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One quarter of Canada’s small business owners expect their RRSP contributions to be their primary source of income in retirement, finds a Scotiabank poll. This is followed by proceeds from selling their businesses (17%), savings (15%) and government pensions (8%).

The study also found 25% of small biz owners have not thought about what they want to happen to their businesses when they retire, while only 19% say they have a succession plan.

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“While overall RSP contributions are lower this year among Canadians generally, small business owners rank it at the top of the list as a source of income in their retirement years, potentially overlooking the value their business could add to their nest egg,” says Tina Di Vito, director of Business Succession at Scotiabank. “We want to encourage them to take a look at both their business and personal balance sheets to make the most of their retirement years.”

Read: How to prep a business for sale

Additional findings include:

  • On average, small business owners expect to retire at age 65, while 18% are uncertain at what age they will retire, and 14% have no plans to retire;
  • 52% of Canadians hold an RRSP, with 31% planning to contribute to this year, a decrease from 39% in both 2012 and 2011;
  • Finding and keeping customers (42%) is the most frequently cited concern of small business owners, followed by competition in the marketplace (36%) and the health of the Canadian economy (30%). Concern about succession planning ranks lower with only 19% noting this as a pressing issue;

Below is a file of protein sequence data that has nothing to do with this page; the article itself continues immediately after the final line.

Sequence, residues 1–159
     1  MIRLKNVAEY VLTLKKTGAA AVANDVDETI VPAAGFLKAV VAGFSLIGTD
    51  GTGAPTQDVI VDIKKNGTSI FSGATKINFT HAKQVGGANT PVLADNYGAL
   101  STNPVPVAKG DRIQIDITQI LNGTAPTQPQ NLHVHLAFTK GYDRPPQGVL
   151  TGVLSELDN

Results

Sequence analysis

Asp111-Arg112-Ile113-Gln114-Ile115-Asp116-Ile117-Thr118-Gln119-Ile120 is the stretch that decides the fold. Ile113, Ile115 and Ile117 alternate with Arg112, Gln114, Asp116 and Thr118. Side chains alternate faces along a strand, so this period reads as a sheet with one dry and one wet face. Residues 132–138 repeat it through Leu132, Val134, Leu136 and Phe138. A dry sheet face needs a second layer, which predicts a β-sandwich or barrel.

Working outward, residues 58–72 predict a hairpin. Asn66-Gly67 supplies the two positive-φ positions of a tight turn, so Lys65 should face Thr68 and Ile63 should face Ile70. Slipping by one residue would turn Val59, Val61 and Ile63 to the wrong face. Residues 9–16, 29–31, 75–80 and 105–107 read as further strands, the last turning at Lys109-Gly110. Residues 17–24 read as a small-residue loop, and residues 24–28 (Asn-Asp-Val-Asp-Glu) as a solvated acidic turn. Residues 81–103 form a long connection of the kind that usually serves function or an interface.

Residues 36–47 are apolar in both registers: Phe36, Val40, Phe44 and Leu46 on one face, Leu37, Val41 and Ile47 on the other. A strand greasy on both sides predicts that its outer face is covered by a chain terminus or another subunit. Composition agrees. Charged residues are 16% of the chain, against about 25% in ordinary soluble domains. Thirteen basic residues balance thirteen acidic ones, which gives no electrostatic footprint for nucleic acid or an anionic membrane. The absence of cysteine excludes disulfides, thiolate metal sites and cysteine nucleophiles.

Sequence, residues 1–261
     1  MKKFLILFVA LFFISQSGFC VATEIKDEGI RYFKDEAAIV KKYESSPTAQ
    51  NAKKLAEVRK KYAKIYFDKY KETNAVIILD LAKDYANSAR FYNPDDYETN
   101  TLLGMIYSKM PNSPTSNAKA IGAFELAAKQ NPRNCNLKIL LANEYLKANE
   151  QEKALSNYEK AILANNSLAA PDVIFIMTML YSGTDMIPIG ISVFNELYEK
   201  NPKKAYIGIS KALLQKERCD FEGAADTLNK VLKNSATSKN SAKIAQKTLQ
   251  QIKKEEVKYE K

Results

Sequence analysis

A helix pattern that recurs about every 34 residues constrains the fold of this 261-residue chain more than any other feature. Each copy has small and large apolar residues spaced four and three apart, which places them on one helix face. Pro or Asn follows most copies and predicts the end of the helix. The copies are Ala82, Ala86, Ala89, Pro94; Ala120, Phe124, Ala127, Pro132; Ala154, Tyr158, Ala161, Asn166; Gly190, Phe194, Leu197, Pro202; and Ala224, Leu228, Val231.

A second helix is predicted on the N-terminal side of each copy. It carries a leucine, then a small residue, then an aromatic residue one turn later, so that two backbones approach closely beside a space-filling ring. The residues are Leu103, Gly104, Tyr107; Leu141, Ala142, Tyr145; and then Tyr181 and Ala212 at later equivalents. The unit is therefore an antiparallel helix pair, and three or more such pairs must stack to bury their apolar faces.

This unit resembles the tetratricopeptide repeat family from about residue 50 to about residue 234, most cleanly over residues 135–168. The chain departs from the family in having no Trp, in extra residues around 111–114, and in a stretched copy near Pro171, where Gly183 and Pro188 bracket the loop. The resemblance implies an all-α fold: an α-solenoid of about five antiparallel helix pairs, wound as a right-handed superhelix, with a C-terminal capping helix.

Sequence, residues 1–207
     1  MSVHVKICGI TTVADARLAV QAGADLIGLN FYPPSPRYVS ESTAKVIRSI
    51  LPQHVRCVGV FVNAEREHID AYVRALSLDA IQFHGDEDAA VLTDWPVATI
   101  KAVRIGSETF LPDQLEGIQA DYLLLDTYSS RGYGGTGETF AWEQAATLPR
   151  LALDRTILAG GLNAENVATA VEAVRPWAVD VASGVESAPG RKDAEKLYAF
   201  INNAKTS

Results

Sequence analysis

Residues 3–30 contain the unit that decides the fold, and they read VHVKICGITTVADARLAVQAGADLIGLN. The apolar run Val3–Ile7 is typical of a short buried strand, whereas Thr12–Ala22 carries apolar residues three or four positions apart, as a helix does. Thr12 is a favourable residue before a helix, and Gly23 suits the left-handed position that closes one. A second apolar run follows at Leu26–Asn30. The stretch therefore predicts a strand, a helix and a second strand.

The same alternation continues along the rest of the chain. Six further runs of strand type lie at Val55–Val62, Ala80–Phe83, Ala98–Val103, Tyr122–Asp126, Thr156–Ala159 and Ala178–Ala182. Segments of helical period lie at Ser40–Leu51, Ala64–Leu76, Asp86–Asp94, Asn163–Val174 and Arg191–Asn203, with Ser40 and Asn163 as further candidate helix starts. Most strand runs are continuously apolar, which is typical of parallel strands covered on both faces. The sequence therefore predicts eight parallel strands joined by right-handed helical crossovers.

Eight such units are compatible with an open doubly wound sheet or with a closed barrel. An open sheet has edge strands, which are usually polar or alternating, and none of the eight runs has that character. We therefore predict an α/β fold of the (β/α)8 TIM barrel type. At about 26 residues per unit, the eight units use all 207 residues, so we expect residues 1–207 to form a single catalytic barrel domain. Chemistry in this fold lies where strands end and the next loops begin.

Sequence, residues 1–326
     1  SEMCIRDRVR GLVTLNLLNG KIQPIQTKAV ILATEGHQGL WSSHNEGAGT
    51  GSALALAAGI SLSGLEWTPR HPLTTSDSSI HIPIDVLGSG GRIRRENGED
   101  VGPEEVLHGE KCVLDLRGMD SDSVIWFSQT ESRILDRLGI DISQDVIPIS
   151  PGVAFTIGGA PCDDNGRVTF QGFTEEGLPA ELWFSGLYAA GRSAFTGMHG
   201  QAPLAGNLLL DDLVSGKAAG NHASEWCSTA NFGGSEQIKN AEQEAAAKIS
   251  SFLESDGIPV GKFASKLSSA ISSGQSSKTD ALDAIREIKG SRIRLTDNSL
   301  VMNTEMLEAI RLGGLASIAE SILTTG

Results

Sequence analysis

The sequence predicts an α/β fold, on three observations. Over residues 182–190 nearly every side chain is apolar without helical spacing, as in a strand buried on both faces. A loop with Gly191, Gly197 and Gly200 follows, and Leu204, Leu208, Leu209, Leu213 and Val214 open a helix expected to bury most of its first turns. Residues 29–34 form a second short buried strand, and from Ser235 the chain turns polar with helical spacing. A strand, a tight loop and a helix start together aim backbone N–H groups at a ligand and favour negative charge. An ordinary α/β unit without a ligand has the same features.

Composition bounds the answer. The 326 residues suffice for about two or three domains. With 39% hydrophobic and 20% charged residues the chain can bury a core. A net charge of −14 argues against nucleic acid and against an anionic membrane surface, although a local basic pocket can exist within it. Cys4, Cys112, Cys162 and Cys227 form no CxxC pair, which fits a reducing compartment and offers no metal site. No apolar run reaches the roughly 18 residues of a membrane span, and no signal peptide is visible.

• Small business owners think that a succession plan should be in place seven years prior to retirement;
  • Small business owners are most likely to turn to an accountant (25%) first for help in developing a succession plan, followed by a financial planner (18%);
  • 68% currently have a business plan, while just 27% of Canadians have a written financial plan.

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Here are some succession planning tips.

1.   Have a well thought out and clearly documented plan.

2.   Have contingency plans in place to deal with unplanned, catastrophic circumstances that could jeopardize your business and your family in the short term.

3.   Establish a target date to transfer ownership of your business.

4.   Know the current value of your business and have a target value established for the ultimate sale price of your business.

5.   Consider your exit strategy. Will you be transferring your business to a family member or selling to a third party?

6.   Have a plan in place that will maximize the value of transferrable assets and protect that value of your business up to the planned transition date.

7.   Assemble a team of advisors to deal with the various aspects of ownership transfer.

Originally published on Advisor.ca

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